What, in turn, I could not imagine at all was my re-consideration of the values I was attributing to the technological aspect of this "game". I used to believe and, in part, I'm still convinced that instrumental excellence is a fundamental requirement to satisfy in order to better leave creativity operate without constraints. This is in principle ruling on almost everything, but today I'm no longer certain of technology weight in the good results achievement of the creative process. It helps in most cases, it's necessary in some others but never suffices.
I've been using a digital reflex in the last four years and, as time passes, I'm every day more convinced that all those pixels are in a certain degree a real burden. I won't talk about the benefits of having a large number of image points. It's common knowledge. Rather, I want to look at the other side of this glittering medal.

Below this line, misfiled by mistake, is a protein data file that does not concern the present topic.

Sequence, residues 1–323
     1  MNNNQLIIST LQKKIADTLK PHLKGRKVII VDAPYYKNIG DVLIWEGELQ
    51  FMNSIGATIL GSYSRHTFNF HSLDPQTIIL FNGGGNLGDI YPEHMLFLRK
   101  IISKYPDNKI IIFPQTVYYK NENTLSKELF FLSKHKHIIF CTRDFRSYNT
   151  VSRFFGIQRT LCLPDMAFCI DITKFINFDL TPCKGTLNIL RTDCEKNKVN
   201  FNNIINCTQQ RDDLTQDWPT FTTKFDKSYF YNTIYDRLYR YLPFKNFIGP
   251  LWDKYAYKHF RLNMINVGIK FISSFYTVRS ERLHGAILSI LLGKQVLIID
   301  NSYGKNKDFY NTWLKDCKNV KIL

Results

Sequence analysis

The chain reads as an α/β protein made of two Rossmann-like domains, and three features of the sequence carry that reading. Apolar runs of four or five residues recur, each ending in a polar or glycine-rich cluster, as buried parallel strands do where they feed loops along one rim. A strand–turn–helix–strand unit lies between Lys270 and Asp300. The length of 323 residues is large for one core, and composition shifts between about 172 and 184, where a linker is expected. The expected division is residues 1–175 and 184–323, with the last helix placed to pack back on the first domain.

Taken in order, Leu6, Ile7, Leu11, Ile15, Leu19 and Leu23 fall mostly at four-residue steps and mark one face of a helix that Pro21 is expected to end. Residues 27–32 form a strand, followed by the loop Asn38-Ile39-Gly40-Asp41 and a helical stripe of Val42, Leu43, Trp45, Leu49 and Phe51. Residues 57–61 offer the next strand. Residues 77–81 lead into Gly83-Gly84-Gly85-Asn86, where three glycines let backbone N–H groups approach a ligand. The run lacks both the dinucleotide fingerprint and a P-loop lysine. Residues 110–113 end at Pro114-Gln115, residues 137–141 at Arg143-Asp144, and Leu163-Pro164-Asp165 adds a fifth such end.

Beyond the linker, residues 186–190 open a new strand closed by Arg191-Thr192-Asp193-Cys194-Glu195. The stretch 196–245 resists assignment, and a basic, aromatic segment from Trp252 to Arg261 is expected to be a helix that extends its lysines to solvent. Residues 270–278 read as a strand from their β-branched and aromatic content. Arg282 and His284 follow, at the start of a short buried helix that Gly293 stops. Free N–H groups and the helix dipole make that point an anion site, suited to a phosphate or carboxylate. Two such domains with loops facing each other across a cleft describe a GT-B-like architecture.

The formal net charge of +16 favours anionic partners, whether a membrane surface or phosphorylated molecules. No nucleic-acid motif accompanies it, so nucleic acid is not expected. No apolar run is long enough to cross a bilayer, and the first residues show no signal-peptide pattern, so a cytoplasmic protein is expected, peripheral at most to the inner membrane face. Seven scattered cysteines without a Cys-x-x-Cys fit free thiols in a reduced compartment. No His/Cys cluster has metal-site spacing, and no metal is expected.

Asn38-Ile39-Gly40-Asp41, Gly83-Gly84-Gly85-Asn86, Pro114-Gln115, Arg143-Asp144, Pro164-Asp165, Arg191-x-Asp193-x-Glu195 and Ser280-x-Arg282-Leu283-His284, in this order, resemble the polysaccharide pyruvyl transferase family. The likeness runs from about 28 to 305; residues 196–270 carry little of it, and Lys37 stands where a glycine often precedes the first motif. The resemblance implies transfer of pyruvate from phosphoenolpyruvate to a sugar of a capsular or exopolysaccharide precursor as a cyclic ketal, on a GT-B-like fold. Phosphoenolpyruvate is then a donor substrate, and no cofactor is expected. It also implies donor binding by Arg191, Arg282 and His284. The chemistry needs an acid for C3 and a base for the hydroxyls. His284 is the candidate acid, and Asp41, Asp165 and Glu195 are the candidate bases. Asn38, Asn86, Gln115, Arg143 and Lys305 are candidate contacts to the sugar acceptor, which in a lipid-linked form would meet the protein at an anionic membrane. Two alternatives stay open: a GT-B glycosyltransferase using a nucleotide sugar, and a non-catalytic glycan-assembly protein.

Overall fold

From an operative point of view those big numbers are exponentially widening our storage system needs, as well as downloading and processing times. Storage quota has its costs, so has the actual need to make backup copies of our data. Processing time, on the other hand, is demanding for ever faster and powerful computers: which is pushing us to reconsider a brand new calculator every three or four years. Image adjusting, at last, combined with the ever larger number of images we can stuff into our cards drives us to some kind of congestion from where we will never be able to get out with our hands.
All this is progressively shrinking the amount of time we can dedicate ourselves to handling, when not simply beholding our images. I have tons of directories where I put tens of rolls still to be opened and selected after two or three years. From a certain point of view, those images are as if they've never been shot. Hidden, in a safe place, forever.